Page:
New type of antibiotic effectively kills hard-to-fight bacteria

Bacterial resistance to antibiotics is a growing threat to human health. In an article published in the scientific journal PNAS, Umeå researcher Fredrik Almqvist and his colleagues present a new type of antibiotic that effectively kills hard-to-fight bacteria.

This is the start of a new class of antibiotic substances that work on many bacteria associated with healthcare-associated infections, such as VRE and MRSA."

Fredrik Almqvist. Professor, Department of Chemistry, Umeå University

Fredrik Almqvist is a professor at the Department of Chemistry at Umeå University and has been researching new alternatives to antibiotics since the late 1990s.

Effective antibiotics are crucial for saving lives in areas such as surgery, cancer treatment and intensive care, but also for treating common diseases such as chlamydia or pneumonia. But as antibiotic resistance increases, the clock is ticking for the scientific community.

"Antibiotic resistance is listed by the WHO as one of the planet's greatest challenges. It's being talked about as being on a par with the climate threat," says Fredrik Almqvist.

Results of collaboration

Studies conducted at Umeå University and Washington University in St. Louis could be an important piece of the puzzle in the fight against dangerous bacteria. The new class of antibiotics, which the researchers call GmPcides, fights so-called Gram-positive bacteria. According to the studies, they are effective on their own, but also enhance their effectiveness when combined with existing antibiotics.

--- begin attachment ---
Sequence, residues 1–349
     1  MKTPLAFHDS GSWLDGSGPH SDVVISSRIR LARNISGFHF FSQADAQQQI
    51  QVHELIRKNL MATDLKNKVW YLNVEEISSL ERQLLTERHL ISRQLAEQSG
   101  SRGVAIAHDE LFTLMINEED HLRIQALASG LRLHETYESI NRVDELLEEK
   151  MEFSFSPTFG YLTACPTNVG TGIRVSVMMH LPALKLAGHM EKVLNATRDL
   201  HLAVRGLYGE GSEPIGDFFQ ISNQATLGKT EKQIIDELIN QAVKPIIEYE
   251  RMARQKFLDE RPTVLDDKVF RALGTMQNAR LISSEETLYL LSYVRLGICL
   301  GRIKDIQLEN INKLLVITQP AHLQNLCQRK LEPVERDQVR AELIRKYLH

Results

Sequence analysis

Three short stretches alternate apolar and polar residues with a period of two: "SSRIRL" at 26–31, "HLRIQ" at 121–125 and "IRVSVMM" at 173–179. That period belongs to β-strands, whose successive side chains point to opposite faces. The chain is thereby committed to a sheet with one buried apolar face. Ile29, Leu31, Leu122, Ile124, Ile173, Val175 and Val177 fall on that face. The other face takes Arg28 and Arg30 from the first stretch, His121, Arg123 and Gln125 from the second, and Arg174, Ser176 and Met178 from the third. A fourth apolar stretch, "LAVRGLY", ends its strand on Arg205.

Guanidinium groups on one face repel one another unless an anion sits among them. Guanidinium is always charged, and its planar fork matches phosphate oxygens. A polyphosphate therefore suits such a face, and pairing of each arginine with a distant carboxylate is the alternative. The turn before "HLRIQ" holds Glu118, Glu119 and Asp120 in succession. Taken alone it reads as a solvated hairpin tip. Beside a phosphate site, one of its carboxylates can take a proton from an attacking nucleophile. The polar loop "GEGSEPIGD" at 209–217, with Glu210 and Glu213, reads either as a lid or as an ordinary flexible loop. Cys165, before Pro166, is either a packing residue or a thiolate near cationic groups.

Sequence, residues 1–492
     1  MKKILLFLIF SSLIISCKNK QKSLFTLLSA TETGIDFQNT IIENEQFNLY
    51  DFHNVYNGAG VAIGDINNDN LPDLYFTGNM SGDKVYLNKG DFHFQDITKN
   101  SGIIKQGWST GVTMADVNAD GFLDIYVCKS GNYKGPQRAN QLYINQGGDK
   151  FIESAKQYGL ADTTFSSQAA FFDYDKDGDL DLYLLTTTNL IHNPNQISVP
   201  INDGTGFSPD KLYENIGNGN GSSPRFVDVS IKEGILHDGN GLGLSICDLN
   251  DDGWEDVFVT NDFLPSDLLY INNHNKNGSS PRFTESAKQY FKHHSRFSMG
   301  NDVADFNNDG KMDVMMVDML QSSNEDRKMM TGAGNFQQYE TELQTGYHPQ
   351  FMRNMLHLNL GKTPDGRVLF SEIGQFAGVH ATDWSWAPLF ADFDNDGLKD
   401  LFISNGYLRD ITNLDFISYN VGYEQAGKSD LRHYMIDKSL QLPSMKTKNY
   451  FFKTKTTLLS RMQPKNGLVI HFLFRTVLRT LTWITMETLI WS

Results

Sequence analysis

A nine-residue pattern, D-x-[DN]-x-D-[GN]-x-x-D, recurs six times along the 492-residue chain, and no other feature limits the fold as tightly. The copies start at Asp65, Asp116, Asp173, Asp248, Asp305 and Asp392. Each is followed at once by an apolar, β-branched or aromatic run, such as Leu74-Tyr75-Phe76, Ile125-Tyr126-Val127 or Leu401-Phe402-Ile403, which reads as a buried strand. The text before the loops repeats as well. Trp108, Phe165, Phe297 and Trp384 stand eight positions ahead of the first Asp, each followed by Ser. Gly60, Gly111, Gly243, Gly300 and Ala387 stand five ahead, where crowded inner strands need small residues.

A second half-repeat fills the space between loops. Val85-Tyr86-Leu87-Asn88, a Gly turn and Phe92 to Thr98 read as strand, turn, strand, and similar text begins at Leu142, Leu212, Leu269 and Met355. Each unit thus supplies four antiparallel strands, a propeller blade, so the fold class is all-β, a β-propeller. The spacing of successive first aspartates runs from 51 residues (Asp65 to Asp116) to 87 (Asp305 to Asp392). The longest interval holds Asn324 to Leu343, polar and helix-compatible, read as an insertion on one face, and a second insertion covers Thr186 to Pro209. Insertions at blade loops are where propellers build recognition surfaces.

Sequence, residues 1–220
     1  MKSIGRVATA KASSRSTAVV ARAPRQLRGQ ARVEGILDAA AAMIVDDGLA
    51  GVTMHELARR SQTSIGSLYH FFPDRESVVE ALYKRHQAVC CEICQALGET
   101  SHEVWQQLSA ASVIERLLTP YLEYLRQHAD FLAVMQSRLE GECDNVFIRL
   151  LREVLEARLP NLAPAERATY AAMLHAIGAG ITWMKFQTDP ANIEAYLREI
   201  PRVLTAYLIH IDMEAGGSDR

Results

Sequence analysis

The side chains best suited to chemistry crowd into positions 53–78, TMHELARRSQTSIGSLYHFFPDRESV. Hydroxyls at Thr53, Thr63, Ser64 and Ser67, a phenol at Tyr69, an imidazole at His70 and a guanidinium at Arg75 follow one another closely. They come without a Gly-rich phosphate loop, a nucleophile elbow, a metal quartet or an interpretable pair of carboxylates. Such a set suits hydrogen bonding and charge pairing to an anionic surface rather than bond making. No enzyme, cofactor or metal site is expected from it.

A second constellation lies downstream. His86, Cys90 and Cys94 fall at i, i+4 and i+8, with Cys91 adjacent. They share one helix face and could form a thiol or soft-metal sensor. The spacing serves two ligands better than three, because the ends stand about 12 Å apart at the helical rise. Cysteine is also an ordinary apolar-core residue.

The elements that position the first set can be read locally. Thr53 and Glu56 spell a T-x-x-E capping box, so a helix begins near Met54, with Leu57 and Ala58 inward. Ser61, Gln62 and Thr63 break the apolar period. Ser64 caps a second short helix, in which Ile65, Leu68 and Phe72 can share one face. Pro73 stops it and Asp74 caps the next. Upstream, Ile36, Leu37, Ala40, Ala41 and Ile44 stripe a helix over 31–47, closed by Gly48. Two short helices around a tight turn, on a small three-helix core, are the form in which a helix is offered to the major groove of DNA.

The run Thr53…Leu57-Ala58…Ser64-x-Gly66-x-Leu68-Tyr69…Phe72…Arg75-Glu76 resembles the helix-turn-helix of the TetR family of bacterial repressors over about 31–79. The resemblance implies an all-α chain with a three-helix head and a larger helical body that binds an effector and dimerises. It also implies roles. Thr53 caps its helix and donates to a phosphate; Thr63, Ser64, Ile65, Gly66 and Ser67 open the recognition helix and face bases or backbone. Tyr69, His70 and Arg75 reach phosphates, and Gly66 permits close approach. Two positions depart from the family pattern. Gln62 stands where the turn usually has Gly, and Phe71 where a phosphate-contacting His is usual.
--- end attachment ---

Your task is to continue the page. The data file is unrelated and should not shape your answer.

"This is the fruit of a long collaboration between chemists and molecular biologists in Umeå and the team in St. Louis led by Professor Scott Hultgren. It's a privilege to work with so many fantastic researchers," says Fredrik Almqvist.

The research shows that the GmPcides cannot only stop bacteria from dividing, but also kill bacteria that are not growing. Something that other antibiotics often struggle to do.

Fredrik Almqvist is very hopeful about the results published in the prestigious journal PNAS.

"This is a first step, a new class that has exciting properties, and now of course we are working to develop these into something that can also help people in the future. Our goal is to come up with a substance to which bacteria do not easily become resistant."

Journal reference:

Nye, T.M., et al. (2022) Ring-fused 2-pyridones effective against multidrug-resistant Gram-positive pathogens and synergistic with standard-of-care antibiotics. PNAS.


The opinions expressed here are the views of the writer and do not necessarily reflect the views and opinions of News Medical.
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